NOAA Teacher at Sea
Onboard NOAA Ship Oregon II
June 15 – 30, 2006
Mission: Summer Groundfish Survey
Geographical Area: Gulf of Mexico
Date: June 21, 2006
Weather Data from Bridge
Visibility: 10 nautical miles (nm)
Wind direction: 105 ◦
Wind speed: 10
Sea wave height: 1-2
Swell wave height: 2-3
Seawater temperature: 27.7
Sea level pressure: 1012.8
Cloud cover: 2/8 Cumulus
Science and Technology Log
Things started out fairly normal this morning. There were fish waiting on the deck when our watch began. We then steamed to a new location. This station went as planned. On the next station the trawl went out and things were going well. We were processing fish when we smelled something strange. We concluded that there was something burning and we went out onto the deck.
Yes, something was burning. It was a clutch. This was an engine part, not an actual fire. There was no need for a fire alarm to sound. The problem was recognized. Although we are now short one Power Transfer Output (this is what takes engine power and uses it for winches and other power tools) we can continue our mission.
The engine problem was really no big deal. It was much like burning up a clutch in a car. The smell is pretty awful and there is a little smoke but no fire. The smoke comes from the rubbing together of the surfaces under pressure. It was great to see the various ship’s personnel work together so smoothly and quickly to discover and correct any problems.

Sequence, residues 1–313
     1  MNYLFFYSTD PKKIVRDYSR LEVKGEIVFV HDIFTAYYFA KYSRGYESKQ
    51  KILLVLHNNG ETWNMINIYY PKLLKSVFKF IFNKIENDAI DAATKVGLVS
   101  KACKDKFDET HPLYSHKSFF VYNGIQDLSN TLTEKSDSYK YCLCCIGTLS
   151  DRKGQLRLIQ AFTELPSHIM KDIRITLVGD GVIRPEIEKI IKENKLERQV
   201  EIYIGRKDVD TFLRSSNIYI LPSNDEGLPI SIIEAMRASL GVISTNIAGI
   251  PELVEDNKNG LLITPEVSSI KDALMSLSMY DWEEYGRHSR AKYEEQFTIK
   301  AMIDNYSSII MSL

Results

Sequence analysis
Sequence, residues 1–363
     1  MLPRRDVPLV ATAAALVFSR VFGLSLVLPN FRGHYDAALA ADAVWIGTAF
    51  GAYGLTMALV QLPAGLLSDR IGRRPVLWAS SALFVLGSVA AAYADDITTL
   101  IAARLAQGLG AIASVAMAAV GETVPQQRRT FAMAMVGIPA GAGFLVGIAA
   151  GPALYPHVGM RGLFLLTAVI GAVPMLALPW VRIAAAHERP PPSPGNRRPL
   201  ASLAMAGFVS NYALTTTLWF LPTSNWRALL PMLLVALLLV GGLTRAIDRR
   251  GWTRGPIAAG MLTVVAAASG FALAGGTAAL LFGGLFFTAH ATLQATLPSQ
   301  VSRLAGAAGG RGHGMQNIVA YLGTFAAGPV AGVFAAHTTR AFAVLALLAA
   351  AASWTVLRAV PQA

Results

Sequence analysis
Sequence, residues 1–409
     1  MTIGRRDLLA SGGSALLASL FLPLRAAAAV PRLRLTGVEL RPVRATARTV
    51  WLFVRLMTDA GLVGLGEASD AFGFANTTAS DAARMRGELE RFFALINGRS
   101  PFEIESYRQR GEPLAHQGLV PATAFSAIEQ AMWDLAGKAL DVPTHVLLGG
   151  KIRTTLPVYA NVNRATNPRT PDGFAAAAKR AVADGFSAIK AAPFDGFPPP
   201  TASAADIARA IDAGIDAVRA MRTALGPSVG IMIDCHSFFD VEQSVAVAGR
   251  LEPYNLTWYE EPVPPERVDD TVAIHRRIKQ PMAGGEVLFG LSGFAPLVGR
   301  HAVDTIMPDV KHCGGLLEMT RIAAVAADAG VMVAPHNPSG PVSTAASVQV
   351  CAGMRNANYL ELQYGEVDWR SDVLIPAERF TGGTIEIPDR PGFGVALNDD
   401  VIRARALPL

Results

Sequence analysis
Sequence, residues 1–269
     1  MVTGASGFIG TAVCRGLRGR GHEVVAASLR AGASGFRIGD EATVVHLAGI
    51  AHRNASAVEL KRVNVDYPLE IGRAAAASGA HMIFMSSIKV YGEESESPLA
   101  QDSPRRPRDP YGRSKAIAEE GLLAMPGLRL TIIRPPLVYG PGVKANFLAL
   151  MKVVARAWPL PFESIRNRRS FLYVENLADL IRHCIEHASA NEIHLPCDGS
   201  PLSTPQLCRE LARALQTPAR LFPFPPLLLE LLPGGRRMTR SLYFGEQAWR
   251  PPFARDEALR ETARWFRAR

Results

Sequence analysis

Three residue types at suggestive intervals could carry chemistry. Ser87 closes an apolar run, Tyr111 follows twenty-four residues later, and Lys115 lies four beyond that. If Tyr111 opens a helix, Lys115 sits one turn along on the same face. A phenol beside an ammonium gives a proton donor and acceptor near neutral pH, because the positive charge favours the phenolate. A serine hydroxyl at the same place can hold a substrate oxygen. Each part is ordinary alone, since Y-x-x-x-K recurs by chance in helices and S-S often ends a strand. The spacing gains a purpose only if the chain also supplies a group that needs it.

After going off watch and showering, I made a mistake. I did not remember that we have weekly drills. So, there I was, fresh out of the shower standing in the middle of the room when the alarm sounded and my roommate came running in to gather survival gear and personal flotation devices. I jumped into the nearest clothing, my pajamas, and joined in the drills.
Question of the Day
As part of the Commerce Department, what is the goal of NOAA science research?
Answer: To collect information which can be used to answer the scientific and policy questions which impact our shared environment.